When I look at the polarization of America, I think of Nick, the sweet-spirited bagel maker at my favorite bagel store on Long Island. Nick was intelligent but had ended his formal education after high school. He arrived every morning at 2:00 AM to start making bagels and listened to talk radio until the shop opened at 6:00. His favorite show was one that focused on aliens. I was frequently traveling between Denver and New York at the time, and Nick confidently assured me that aliens were living in the concrete corridors beneath Denver International Airport. Nick was intelligent. Nick was not well-educated.

Nick wanted to be credentialed as a person of intelligence, and in his mind, that meant having information the “average” person did not have. I wish he been given the opportunity for a good education. Instead, his circumstances were such that he could not further his formal education, so he subjected his intellectual curiosity to the pundits of talk radio. There are a lot of Nicks in the world.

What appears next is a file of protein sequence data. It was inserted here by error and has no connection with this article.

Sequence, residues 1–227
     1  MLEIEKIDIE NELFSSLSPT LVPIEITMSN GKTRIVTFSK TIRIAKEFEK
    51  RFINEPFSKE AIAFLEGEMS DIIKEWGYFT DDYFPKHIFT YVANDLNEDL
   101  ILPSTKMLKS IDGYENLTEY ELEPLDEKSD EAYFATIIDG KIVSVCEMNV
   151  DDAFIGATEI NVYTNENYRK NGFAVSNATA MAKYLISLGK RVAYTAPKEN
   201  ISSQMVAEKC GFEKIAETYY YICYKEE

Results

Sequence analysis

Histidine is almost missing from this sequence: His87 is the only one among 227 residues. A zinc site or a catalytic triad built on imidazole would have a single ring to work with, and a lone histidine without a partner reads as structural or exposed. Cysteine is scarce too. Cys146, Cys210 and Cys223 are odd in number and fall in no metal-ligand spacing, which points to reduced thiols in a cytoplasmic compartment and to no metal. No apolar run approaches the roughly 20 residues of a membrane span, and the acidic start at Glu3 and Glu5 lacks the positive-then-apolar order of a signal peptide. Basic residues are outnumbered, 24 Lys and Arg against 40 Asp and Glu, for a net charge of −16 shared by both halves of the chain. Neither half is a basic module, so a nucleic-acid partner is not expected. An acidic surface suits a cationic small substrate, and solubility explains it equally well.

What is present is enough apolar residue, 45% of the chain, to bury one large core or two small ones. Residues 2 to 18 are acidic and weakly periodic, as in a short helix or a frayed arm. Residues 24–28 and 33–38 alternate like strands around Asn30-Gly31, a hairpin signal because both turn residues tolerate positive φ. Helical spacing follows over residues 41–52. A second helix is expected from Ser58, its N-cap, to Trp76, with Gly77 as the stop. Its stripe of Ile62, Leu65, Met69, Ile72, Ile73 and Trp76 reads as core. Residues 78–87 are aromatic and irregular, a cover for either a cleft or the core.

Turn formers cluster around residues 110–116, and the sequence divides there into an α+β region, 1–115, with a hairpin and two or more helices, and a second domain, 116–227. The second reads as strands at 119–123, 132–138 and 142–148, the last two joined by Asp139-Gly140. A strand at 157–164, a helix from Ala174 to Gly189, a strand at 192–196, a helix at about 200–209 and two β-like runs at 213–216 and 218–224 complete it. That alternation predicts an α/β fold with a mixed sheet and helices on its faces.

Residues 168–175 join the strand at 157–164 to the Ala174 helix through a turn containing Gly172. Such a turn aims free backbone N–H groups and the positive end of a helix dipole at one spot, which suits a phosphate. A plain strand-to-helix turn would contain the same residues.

When I look at the number of people who believe the absurd claims of the Q conspiracy theory, I see lots of Nicks, intelligent folks with an inadequate education, and therefore the inability to discern the difference between truth and fiction.

Nick’s views about the existence of aliens beneath the Denver airport is misguided, but not dangerous. That is not the case with the speaker who was on the video my friend sent to me. The speaker has a lot of influence with a vulnerable population. Claiming a clear hold on objective truth, the speaker chastised the rest of Christendom for being dismissive of biblical authority.